During week four, in the days leading up to the hike, there were already plenty of nervous whispers around Foco. “This is our seventh of 13 terms. Saturday marks the exact midpoint of our time at Dartmouth — good lord.” These anxious realizations put me into a spiral of my own — it does not feel like that long ago when everything was new, exciting and unknown. Now, time has only accelerated. Each passing term is a smaller percentage of the time at the College we’ve come to know. Each day will inevitably feel quicker and quicker, occupying a proportionally smaller space in our lifetime. By some similar calculus — especially considering the relationship-thwarting oddities of the D-Plan — we’ve probably already exceeded the amount of time we will spend with our college friends, as a whole, for the rest of our lives. It doesn’t get better than this — both in the true, happy sense and in the ominous sense.
Of course, this awareness was bound to be considered as we entered the 3 to 4 a.m. stretch of our journey. Murky, foggy and pitch-dark, with my ankles covered in thick mud and scrapes, we enjoyed some silence as we traveled down Smarts Mountain — aside from the swirling, mysterious synths of Tame Impala’s “Currents.” In that instant, I found it hard to wrap my head around how great this moment was: I was with three of my closest friends listening to great music, chugging along on a ludicrous hike and awaiting the rest of our peers — from study abroad friends to freshman year friends to class friends to family members — ready to greet us at the finish line.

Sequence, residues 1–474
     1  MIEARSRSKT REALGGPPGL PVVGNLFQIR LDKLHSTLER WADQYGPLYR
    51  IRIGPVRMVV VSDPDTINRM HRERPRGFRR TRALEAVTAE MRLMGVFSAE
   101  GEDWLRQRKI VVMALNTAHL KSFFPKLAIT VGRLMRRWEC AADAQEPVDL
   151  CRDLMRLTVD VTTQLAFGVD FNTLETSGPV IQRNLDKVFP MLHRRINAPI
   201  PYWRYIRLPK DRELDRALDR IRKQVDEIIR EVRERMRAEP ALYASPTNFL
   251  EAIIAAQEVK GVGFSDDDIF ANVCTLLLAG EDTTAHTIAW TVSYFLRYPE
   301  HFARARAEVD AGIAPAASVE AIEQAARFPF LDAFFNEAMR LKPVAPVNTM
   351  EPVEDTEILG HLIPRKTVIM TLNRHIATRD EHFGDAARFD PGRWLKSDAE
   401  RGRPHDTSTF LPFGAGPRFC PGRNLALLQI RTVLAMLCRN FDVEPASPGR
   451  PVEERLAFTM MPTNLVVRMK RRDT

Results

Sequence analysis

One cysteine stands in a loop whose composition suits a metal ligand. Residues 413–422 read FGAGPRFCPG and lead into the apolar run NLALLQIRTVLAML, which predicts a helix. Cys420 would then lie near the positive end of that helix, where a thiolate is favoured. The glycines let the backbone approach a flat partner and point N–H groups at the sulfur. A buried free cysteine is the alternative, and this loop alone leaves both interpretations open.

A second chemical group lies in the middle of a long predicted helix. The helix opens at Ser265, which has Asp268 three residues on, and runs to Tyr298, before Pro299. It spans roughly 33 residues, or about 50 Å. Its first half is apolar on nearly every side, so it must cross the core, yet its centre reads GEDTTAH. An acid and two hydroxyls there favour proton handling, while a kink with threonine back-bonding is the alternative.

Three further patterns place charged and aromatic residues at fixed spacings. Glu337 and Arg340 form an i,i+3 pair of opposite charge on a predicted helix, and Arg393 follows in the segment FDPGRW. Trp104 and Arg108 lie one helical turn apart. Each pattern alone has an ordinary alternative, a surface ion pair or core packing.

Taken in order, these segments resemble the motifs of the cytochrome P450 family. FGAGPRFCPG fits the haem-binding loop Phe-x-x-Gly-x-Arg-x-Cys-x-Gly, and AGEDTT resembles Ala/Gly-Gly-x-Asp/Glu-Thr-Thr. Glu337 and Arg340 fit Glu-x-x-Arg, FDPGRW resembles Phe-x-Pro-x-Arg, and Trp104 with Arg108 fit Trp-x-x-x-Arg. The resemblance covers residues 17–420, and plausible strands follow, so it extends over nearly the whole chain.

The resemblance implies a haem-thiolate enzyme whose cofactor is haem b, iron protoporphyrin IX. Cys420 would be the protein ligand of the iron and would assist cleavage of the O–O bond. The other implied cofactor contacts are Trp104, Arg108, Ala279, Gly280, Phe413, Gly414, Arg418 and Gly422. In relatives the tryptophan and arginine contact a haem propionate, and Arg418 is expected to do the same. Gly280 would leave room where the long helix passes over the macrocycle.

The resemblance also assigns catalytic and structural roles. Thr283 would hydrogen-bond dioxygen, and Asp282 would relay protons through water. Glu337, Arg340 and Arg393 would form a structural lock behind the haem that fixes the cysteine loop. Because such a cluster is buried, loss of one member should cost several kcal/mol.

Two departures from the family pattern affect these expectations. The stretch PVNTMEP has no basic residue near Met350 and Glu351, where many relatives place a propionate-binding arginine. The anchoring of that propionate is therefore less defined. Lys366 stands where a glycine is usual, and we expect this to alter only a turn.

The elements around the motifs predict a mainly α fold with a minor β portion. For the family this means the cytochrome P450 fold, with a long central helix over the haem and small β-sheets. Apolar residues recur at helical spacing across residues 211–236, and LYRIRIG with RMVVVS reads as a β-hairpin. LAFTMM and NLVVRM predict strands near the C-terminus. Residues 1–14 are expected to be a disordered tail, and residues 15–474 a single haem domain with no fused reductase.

Yet, it was bittersweet. Soon, it would be dawn. Olivia Rodrigo would take over. Then it would be back to reality, completing homework and going to Econ class — which I really do enjoy — but the study of financial intermediaries is a different type of enjoyment than marching through the rain, fueled by stomach-corroding caffeine gummies and Walmart maple bacon jerky. Eventually, the summer would end. Regular Dartmouth life would return to its course, winding to a halt in just as little time as it took me to get from Orientation to writing this very article.